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by Lloyd Treichel
Dateline: December 20, 2002 -- Yuma, Arizona
When day time temperatures are in the sixties and seventies, it seems a little absurd to be singing songs about "... dashing through the snow..." and "dreaming of a white Christmas... ." Other than that, the month of December is like everywhere else in the US. Shoppers are -- dashing through the shopping malls -- and people -- are dreaming of expensive gifts.
Wandrin Where ... The last update was posted on October 28 when I was in the Tucson area. Since then, Wandrin Wagon, Silver Slug and I have taken a leisurely journey across Arizona. When I arrived in Yuma, I stopped to stay a while. Whenever I watch The Weather Channel, invariably the warmest locations in the country are the southern tip of Texas, Yuma, and Miami. Warmth might justify a longer stay. The warmth is confirmed by the great number of RV parks and all filled with the "snow birds" from colder parts of the US and Canada.
After staying at several RV parks, I headed out to "boon dock". That is parking someplace with no electricity, water or sewer -- much less a spa and pool. Since there is a lot of land that is under Bureau of Land Management jurisdiction, it becomes a place for cheap camping. Depending upon where you park, it may be free, $25 for 14 days or $125 for the winter season.
Now I know what it is to be lonesome. I parked on terrain that resembled a moonscape and the nearest neighbor was close to a quarter of a mile away. I do like my space, but this experience stretched my toleration. There was no one to whom I could wish a "Good Morning".
Boon docking may be okay for a few days, but I still like comforts -- and people. At least when I boon dock in the future, I will know what to expect.
A couple of days before Christmas, I will be wand'rin' to San Diego for the Holidays. In fact as you are reading this, I will be in San Diego.
Agriculture in Yuma... Just before the Colorado River snakes off into Mexico and eventually the Gulf of California, the last little water remaining is drained off to water an endless cornucopia of green vegetables, citrus groves and cotton. For the hot summer months, the crop is cotton. The winter crops are lettuces, broccoli and all the other green vegetables.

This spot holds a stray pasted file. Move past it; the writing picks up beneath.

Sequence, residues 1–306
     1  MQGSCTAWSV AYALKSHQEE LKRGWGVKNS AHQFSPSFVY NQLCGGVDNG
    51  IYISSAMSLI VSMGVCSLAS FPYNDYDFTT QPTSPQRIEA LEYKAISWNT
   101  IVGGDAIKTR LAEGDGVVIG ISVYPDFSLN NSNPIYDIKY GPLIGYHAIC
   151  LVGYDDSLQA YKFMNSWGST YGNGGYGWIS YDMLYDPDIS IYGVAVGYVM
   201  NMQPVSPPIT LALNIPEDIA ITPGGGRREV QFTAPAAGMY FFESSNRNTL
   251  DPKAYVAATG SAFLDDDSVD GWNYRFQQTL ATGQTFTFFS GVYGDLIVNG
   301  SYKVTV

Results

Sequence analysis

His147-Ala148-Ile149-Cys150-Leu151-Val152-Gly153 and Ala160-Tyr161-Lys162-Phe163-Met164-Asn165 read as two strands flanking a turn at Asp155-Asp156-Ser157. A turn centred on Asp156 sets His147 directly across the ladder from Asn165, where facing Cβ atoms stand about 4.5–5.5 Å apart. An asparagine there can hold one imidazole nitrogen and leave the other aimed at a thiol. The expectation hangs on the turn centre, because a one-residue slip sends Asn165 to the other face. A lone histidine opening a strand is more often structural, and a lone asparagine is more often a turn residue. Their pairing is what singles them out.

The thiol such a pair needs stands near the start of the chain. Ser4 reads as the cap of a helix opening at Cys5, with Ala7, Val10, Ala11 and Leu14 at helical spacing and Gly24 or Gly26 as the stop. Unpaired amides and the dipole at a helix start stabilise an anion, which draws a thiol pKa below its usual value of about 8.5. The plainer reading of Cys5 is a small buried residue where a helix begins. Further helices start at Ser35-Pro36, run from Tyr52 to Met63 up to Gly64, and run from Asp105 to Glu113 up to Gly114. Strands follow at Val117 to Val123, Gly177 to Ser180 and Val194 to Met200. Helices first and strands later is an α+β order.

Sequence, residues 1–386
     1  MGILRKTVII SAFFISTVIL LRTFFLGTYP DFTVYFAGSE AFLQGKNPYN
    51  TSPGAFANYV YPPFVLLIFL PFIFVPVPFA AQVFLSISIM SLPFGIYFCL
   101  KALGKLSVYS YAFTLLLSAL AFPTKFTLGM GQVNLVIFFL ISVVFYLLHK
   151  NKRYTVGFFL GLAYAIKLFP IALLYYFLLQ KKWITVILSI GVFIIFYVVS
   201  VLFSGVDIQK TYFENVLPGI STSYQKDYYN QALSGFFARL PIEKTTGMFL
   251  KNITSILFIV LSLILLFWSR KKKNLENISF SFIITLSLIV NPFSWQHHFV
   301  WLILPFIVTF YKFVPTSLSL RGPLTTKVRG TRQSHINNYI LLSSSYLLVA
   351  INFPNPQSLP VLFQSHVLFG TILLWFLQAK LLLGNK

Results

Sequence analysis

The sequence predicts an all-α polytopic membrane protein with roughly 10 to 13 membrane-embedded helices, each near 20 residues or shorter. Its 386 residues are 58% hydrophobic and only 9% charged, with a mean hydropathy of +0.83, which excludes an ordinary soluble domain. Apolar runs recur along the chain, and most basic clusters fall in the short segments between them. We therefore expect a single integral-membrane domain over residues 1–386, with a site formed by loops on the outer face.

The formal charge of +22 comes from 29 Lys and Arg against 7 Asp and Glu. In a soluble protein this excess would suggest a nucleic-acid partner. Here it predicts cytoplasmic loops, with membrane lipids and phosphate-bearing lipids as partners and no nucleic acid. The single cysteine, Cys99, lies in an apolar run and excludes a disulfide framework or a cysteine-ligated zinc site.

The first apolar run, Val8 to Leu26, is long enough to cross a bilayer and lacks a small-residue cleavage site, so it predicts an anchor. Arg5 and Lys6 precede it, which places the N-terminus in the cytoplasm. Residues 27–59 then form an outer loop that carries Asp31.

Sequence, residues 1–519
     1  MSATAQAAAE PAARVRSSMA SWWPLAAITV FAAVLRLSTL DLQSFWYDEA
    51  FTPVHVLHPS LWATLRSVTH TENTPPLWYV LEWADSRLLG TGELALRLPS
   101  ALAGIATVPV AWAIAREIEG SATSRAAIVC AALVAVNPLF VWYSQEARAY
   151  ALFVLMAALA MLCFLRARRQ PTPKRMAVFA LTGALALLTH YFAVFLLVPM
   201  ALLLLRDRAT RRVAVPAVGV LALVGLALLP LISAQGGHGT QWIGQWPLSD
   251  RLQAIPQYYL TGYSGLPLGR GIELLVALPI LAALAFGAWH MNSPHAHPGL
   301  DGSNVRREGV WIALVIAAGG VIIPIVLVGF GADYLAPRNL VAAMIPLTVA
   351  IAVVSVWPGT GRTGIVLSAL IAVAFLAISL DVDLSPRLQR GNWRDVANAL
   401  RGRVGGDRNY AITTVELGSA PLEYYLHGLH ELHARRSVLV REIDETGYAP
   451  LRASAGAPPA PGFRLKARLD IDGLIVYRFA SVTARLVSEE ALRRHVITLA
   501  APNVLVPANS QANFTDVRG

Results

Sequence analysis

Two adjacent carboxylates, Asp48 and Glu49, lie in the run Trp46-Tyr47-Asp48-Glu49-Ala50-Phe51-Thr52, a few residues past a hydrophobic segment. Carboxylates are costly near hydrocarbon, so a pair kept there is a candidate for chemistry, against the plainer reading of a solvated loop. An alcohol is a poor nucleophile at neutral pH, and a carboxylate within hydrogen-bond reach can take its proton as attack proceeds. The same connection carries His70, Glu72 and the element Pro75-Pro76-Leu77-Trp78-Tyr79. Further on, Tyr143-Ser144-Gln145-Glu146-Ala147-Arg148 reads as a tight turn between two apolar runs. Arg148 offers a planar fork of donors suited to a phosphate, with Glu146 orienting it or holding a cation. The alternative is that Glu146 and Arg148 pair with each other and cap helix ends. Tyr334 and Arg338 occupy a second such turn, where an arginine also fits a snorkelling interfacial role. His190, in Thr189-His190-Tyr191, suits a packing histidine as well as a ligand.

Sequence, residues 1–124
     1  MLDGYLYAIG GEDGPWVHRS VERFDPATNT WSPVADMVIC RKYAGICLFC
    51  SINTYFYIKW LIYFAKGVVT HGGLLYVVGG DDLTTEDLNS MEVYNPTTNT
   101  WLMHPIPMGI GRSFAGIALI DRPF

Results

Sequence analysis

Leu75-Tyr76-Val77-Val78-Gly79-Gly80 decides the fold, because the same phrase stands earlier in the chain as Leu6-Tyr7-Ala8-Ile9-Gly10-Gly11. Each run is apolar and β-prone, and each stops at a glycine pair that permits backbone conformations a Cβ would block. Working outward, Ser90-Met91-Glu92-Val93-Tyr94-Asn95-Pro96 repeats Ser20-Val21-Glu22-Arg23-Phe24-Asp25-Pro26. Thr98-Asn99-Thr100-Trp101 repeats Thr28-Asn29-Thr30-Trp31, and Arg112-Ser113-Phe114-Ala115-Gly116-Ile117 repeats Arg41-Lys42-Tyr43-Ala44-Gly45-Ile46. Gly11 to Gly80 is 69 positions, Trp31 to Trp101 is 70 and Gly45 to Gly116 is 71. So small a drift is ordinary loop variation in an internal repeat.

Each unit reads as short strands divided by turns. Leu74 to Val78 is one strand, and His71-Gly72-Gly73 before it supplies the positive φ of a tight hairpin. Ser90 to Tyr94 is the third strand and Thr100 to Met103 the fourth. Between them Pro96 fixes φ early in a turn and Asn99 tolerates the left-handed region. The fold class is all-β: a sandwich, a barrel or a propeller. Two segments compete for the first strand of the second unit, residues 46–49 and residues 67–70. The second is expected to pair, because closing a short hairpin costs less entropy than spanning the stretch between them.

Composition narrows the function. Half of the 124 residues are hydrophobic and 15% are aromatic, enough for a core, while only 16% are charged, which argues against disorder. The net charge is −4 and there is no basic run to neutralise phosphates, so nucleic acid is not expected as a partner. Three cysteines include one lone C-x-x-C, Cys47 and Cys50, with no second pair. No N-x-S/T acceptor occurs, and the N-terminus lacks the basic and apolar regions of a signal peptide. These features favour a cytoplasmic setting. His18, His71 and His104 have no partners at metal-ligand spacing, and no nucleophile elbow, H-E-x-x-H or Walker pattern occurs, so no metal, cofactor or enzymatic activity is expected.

For the many square miles of irrigated land, the tractors and machinery are adapted to till, plant and harvest these green crops. Do they actually have machines that plant those tiny lettuce seeds? It sure looks that way. They must also have machines to harvest the lettuce seeds. That seems even more difficult to believe. But, everything cannot be done with machine. There is need for lots of human labor for the hoeing, irrigating and the harvesting of those green vegetables.
Perhaps I could get a job harvesting lettuce to offset some of my expenses....
Swap Meets... There are three such events held each weekend around Yuma. Swap means "cash for goods".
I have gone to these "marts" several times while in the Yuma area. There are booths selling vegetables, fur collared coats for $10, cheap hardware, T-shirts at three for a ten dollars, products for the RV owner among many others. There are also some people who bring their "garage sale" to one of the booths.
After walking through the entire complex of stalls, I find nothing I want -- let alone need. On retirement income and "one thing in the trailer means one thing out" means I am quite selective on my purchases. Finally!!
At least I have gotten a little exercise. Walking up and down all the aisles is about the only exercise that I get these days. I have been a bad boy!!
Other thoughts and observations ...
George W. Bush performed this year's traditional Presidential pardon of the Thanksgiving Turkey. Do you ever wonder what happens to an overweight turkey that has been saved from the Thanksgiving table? Most likely it is placed on cholesterol reducing compounds and actually dies of a heart attack before Christmas.
Shoppers at Wal-Mart cruise the parking lot for a close-in space. Why? The inside of the store is almost as large as the parking lot. Even a short walk would be healthy for most people.... My doctor has prescribed 10,000 steps a day; I don't get even close.
Automated answering systems... One of my biggest gripes from recorded messages is that sometimes they give a phone number you should call. And... it is not repeated!! Heck! I didn't even have a pencil in my hand. So guess what. I call again. I write down the ten digit number as fast as I can. I still don't know whether I got it right, so I call one more time. .... And these companies claim this is good service!!!
Telemarketers ... After several states have created "do not call" lists for telemarketers, now there is a movement in progress to establish a nation wide "do not call" list. What makes this ludicrous is when I heard some representative of the telemarketers say that to establish such a thing is a violation of free speech. Huh? ... I'm sorry, but free speech does not include calling me on my private phone to sell me something. ... If the free speech violation holds then I will complain that my privacy has been invaded.